One-time top cop John Yates doesn't do himself any favours with his tendency to offer hostages to fortune in his rash pronouncements.
The former Met police assistant commissioner announced in 2009 that the force did not need to reopen its phone-hacking investigation, only for the case to blow up in his face when journalists did the job that we pay police to do.
He announced later that his decision, which he took without feeling the need to examine documentary evidence, had been "pretty crap."
Yates said that his officers' failure to detect the hacking of murdered schoolgirl Milly Dowler's phone had been "a source of great regret," which must rank among the greatest understatements of all time.
More trenchant criticism came from parliamentary terrier Tom Watson MP, who disputed the officer's interpretation of events.
Watson told the House of Commons: "John Yates's review of the (News of the World phone-hacker) Mulcaire evidence was not an oversight. Like (Met assistant commissioner) Andy Hayman, he chose not to act. He misled Parliament."
Many people, not least the repressed Shia majority of Bahrain, would take issue with Yates's description of the kingdom as "safer than London."
It wasn't safe for the Bahrainis shot dead by Saudi Arabian troops who intervened in March last year at the behest of the monarchy after massive pro-democracy protests involving a fifth of the population.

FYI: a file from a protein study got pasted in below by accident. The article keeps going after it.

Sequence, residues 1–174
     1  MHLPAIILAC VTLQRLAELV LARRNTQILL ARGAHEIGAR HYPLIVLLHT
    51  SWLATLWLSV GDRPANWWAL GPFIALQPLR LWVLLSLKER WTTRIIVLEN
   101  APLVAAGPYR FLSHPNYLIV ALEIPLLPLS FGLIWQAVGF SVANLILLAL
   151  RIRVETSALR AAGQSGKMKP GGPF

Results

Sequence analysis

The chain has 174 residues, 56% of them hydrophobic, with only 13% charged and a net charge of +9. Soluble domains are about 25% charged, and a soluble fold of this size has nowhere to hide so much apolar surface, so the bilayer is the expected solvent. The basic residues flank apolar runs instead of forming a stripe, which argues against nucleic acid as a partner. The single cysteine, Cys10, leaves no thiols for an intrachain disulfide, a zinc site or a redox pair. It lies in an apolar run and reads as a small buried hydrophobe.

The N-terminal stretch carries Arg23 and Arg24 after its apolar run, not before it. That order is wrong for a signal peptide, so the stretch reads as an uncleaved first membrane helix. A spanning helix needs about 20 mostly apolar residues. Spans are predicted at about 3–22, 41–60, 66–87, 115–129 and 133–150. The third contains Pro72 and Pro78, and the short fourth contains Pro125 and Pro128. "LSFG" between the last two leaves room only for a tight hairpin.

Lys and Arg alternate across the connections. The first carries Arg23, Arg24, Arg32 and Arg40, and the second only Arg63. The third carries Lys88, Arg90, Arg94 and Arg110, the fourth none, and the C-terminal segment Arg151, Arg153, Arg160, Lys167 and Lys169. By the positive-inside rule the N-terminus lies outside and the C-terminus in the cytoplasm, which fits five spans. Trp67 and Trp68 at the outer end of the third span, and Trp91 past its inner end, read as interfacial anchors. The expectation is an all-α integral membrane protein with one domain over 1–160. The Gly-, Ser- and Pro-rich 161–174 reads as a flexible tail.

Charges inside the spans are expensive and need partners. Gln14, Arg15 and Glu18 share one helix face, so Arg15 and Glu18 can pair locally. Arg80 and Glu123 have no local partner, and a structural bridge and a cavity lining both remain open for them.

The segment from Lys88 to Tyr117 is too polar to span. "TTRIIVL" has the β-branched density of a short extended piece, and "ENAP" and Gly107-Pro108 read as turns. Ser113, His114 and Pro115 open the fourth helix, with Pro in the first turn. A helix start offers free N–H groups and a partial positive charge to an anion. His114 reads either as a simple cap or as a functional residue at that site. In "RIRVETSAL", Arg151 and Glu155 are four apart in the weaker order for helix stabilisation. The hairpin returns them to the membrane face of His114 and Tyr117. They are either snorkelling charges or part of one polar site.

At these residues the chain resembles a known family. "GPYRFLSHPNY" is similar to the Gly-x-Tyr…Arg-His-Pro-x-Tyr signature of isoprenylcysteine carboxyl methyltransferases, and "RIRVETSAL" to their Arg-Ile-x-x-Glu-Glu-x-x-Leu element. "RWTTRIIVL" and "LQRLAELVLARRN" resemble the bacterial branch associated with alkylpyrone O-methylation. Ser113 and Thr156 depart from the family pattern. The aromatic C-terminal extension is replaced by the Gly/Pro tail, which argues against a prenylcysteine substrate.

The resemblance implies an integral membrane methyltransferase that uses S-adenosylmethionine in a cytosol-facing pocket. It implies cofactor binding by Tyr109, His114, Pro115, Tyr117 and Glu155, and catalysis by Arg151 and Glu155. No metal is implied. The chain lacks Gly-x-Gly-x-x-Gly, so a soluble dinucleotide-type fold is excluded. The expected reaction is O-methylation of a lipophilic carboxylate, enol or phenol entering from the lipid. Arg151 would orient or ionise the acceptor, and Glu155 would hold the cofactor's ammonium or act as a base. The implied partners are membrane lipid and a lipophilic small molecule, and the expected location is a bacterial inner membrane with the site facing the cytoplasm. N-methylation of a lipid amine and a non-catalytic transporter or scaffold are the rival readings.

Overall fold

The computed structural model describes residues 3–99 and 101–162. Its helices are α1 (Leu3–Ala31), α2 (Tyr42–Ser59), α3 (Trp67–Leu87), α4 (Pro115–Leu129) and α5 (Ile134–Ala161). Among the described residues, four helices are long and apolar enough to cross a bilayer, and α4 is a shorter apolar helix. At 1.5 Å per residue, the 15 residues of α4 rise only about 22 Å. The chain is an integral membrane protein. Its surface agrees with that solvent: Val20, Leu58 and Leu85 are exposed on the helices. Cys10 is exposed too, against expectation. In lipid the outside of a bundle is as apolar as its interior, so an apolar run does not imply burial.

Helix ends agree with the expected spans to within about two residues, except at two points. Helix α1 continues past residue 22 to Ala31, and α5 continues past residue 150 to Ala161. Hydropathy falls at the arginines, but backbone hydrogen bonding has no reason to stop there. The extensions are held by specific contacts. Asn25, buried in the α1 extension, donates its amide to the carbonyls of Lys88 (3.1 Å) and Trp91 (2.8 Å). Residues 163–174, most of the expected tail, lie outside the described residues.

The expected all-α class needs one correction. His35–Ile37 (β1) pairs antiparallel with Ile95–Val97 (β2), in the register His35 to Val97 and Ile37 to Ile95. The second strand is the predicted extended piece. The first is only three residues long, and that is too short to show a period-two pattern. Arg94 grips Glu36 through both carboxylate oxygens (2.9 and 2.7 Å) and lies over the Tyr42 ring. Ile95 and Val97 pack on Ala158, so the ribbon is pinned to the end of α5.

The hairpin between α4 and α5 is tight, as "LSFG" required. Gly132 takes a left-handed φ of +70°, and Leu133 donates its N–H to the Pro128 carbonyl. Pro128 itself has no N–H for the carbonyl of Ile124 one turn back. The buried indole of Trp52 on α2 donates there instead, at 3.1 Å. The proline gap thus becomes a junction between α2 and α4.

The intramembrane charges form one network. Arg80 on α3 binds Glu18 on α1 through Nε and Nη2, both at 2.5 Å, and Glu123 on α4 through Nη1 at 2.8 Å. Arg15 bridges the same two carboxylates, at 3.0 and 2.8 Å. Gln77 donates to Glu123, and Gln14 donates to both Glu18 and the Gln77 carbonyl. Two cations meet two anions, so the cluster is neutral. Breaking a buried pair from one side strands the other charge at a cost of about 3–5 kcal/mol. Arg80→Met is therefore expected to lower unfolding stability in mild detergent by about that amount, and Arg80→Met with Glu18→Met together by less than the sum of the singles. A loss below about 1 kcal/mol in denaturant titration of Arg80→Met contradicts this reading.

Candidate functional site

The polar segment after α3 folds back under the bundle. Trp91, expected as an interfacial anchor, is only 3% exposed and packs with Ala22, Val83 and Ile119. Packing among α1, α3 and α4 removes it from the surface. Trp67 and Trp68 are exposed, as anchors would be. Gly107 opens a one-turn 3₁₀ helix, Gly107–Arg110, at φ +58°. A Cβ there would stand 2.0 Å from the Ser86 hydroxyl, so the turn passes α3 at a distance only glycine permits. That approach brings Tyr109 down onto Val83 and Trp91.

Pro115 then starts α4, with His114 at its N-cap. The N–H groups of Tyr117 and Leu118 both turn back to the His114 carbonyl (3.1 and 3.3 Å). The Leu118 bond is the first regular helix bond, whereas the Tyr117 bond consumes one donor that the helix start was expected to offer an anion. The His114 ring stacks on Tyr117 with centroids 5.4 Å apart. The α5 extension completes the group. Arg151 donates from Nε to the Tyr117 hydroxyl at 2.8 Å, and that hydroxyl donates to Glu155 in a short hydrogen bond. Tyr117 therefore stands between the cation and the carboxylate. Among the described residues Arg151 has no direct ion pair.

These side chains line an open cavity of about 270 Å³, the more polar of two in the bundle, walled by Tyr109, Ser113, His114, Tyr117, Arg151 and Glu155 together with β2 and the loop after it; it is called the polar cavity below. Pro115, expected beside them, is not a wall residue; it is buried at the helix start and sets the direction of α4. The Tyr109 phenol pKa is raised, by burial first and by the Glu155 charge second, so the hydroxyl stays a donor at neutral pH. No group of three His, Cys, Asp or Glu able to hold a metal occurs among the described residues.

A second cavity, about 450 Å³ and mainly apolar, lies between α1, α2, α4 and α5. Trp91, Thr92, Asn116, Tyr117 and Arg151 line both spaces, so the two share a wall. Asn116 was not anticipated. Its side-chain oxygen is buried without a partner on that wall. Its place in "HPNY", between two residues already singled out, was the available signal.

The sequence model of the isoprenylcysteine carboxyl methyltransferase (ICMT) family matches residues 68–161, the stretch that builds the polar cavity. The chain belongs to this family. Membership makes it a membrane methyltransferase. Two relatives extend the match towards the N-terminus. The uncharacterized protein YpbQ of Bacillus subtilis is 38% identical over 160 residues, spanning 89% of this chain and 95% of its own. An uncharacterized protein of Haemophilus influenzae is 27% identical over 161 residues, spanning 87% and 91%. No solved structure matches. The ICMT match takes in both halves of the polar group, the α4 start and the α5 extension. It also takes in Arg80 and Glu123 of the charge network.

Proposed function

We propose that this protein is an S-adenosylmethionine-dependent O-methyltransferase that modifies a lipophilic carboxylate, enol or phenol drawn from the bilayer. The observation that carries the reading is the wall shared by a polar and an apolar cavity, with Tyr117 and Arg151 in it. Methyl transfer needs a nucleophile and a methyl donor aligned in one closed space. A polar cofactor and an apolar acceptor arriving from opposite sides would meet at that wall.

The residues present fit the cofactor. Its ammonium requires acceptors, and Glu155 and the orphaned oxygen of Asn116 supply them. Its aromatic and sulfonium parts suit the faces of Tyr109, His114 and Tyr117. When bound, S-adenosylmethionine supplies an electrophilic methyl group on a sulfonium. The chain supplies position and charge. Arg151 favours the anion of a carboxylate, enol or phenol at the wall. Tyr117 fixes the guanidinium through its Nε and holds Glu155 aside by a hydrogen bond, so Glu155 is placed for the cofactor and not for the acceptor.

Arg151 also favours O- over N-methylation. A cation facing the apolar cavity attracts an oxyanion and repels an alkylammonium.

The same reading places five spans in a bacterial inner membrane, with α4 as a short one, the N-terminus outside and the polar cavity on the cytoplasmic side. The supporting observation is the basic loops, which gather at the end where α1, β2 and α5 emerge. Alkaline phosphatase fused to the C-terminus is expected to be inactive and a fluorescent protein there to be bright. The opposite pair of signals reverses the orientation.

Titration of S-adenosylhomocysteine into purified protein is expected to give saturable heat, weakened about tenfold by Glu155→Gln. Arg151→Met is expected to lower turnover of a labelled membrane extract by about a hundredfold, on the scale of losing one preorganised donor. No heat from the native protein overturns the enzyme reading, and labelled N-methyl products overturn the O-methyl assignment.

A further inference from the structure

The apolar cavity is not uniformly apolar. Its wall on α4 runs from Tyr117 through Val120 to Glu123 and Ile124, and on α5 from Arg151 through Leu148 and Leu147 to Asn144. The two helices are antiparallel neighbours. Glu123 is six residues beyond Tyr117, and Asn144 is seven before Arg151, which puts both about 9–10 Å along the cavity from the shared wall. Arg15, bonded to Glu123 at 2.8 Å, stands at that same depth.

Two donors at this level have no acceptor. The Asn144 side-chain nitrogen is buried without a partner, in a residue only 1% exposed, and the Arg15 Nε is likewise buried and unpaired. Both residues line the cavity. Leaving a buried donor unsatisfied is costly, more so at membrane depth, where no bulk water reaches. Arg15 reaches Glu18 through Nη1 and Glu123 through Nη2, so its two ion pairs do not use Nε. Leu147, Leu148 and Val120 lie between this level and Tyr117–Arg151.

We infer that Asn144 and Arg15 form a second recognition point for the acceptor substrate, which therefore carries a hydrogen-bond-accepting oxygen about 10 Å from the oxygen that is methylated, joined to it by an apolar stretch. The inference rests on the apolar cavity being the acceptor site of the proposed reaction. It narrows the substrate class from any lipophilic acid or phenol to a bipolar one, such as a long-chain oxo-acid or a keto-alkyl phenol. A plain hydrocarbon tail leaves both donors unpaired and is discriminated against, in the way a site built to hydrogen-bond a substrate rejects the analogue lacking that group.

It certainly didn't provide safety for the 1,600 peaceful demonstrators, medical professionals, journalists and human rights campaigners arrested last year, 100 of whom were sentenced to long years in prison by special military tribunals.
Such repression is intended to guarantee the safety and security of part of society, the privileged minority, but it does nothing for the majority.
Yates, who was installed as security adviser to the Manama regime four months ago, following his resignation from the Met, serves his new masters' interests loyally by writing to the formula one motor sport body FIA president Jean Todt telling him that there is little to worry about.
Little, that is, apart from "nightly skirmishes" in many villages, which are often "overplayed" by social media.
Unluckily for him, Amnesty International has examined claims of human rights abuses in Bahrain and concludes: "Despite the authorities' claims to the contrary, state violence against those who oppose the al-Khalifa family rule continues, and in practice, not much has changed in the country since the brutal crackdown on anti-government protesters in February and March 2011."
Even the Bahrain Independent Commission of Inquiry, set up by the king, reported human rights violations, excessive use of force, widespread torture and unfair trials.
Its conclusions, published on November 23 2011, included a call to let human rights groups into the country to monitor the situation, but any applying since then have been denied entry.
To hold an F1 grand prix in such conditions would clearly be an affront to Bahrainis seeking democratic accountability and control of their own lives.
F1 billionaire boss Bernie Ecclestone prefers to leave the issue to the monarchy, drawing unflattering parallels with British cricket and rugby boards' collaboration with apartheid South Africa on the grounds that sport and politics were separate matters.
Sport is part of normal daily life, but there is nothing normal about a police state protecting a corrupt royal clique. The Bahrain grand prix should be cancelled without further ado.